The 5 Least Favourite Books Of The Bible

Published 30 January 2017  |  
Reuters

Are there books of the Bible that you struggle with? You know they're inspired, but perhaps you really don't turn to them all that often and you might not miss them if they weren't there? Everyone has their favourites, which means that of course, everyone has their least favourites too. A recent survey by Bible Society has ranked people's least favourite books of the Bible. What are they, and why are they so unloved?

1. Leviticus

It may not be surprising that this ancient book of complex laws and rituals is not most people's favourite. It isn't a page-turning thriller. You'll probably hear about it when someone says, "Well because of Jesus, we don't need to do *that* any more." It isn't an easy read, but to its first readers it meant something profound. Its many laws and restrictions are all about what it means to be holy and chosen by God: "You are to be holy to me because I, the Lord, am holy, and I have set you apart from the nations to be my own" (Leviticus 20:26).

2. Numbers

Can you quote the book of Numbers? Probably not. It's the fourth book of the Bible and is essentially the sequel to Leviticus. It focuses on the Israelites and their struggle to claim the Promised Land, and a lot of people die in it. It contains passages about God's judgment, but also classic descriptions of God's mercy too, sometimes in the same verse. A classic example is this: "The Lord is slow to anger, abounding in love and forgiving sin and rebellion. Yet he does not leave the guilty unpunished; he punishes the children for the sin of the parents to the third and fourth generation" (Numbers 14:18).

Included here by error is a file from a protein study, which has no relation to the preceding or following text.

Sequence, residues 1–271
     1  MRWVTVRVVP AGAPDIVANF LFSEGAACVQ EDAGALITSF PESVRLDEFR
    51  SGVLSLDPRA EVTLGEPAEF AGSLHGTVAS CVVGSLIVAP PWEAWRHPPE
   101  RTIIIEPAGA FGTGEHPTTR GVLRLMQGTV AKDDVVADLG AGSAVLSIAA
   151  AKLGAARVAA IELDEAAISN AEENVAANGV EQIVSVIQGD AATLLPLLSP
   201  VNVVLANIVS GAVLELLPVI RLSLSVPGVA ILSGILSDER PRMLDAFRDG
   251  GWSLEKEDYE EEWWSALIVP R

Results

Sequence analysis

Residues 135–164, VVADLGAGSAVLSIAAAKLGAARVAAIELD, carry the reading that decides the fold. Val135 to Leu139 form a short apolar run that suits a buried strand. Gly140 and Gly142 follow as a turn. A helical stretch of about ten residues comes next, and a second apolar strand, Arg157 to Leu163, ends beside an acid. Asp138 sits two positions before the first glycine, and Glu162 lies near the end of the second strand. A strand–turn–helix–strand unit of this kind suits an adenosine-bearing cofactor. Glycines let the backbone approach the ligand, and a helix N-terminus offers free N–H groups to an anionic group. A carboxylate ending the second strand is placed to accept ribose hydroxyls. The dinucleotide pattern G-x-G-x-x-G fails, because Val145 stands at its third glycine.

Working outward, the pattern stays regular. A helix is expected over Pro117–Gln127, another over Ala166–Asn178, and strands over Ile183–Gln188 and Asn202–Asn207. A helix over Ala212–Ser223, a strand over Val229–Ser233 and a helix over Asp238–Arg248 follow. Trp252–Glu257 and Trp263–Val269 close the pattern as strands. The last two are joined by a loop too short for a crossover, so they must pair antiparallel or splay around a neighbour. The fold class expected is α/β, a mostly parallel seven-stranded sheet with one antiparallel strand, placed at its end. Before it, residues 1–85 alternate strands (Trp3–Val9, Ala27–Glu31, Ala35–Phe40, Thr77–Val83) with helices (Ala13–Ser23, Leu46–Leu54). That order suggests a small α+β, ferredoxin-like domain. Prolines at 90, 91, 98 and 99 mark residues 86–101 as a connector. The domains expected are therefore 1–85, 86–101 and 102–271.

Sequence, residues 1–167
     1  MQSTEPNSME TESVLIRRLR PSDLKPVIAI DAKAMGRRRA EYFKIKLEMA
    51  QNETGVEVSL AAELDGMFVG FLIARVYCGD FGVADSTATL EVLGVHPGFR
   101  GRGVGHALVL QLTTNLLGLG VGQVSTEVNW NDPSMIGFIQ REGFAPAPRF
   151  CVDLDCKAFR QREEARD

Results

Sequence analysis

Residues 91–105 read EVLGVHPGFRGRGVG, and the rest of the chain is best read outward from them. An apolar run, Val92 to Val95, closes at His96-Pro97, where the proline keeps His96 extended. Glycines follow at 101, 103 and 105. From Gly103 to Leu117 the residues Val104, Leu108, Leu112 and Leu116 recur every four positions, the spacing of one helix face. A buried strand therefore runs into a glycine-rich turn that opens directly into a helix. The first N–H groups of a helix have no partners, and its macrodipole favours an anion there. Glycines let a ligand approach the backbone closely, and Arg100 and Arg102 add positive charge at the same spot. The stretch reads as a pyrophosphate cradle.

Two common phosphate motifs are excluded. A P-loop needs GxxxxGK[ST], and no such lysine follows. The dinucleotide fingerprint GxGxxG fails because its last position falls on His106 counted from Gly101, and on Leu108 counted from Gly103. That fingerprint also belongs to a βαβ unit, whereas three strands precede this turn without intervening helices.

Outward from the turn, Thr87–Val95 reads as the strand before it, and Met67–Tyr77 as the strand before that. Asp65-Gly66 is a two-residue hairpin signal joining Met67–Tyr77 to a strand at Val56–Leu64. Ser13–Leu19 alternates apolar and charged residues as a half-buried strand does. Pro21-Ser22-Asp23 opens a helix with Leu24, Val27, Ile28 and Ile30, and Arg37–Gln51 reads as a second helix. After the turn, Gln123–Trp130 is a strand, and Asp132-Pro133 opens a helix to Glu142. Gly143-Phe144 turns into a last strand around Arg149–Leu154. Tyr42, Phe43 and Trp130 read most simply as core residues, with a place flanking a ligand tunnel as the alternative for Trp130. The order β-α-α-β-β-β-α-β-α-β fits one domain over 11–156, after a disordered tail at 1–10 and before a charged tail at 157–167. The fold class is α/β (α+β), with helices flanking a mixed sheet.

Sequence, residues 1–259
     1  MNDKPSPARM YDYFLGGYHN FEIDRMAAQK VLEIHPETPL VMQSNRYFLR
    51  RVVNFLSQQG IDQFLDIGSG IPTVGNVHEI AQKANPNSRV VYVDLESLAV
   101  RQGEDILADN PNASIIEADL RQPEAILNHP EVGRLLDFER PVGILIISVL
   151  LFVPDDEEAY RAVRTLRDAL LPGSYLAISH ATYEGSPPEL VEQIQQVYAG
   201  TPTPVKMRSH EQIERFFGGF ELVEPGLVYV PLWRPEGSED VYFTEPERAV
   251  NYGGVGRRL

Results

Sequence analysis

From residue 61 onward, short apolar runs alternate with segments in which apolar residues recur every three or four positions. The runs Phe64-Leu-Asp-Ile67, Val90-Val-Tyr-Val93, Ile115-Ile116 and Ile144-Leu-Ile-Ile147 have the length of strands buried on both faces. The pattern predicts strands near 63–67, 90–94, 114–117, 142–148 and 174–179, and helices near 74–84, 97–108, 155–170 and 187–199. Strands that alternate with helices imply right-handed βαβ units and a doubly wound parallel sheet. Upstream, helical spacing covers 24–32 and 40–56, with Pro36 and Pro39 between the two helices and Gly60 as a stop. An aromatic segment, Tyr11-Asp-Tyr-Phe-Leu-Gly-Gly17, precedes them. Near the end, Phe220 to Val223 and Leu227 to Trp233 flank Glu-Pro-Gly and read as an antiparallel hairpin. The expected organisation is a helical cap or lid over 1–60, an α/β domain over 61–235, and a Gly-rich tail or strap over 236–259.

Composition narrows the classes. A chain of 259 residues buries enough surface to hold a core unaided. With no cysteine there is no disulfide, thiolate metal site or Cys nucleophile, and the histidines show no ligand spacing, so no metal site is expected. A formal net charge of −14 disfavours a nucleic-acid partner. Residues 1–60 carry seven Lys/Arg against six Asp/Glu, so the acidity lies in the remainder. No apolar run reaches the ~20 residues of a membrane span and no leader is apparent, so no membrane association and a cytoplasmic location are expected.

3. Revelation

Martin Luther didn't love the book of Revelation and thought it shouldn't be in the Christian canon. Revelation is not an easy book to understand, but it does confirm that the end of the world won't be boring. Actually the word we so often use for disaster movies, 'apocalypse', comes from the Greek title of this book. It doesn't mean 'end of the world' though, but refers to something being 'revealed'. There's a lot of action, fire and judgment in Revelation, but at the end: New Heaven and New Earth.

4. Song of Songs

What do people have against the Song of Songs, or Song of Solomon? This is a passionate love story, full of imaginative, heartfelt devotions from one lover to another. It reminds us that human love and romance are a gift from God, and was later interpreted as a metaphor about Jesus' love for his Church. Then again, maybe people just get uncomfortable when they read some of the more graphic bits.

5. Lamentations

Why don't people like Lamentations? It's got some lovely poetry in it, particularly the line about the Lord's compassions never failing and being new every morning. "Great is thy faithfulness," as we often sing – straight out of Lamentations. However, the book itself is pretty dark. It's a horrible period in Israel's history, and features less than uplifting references to starvation, cannibalism and all sorts of other horrors. Hence the book's title.

You can't make people like a book, but it's worth saying that life is not always sweet and lovely. There's a time for lamenting as well as for rejoicing, and sometimes we need to know we can find scriptural words to do so. The Bible has words for dark times, and if we turn away from that sort of writing we won't be able to call on them when we need them.

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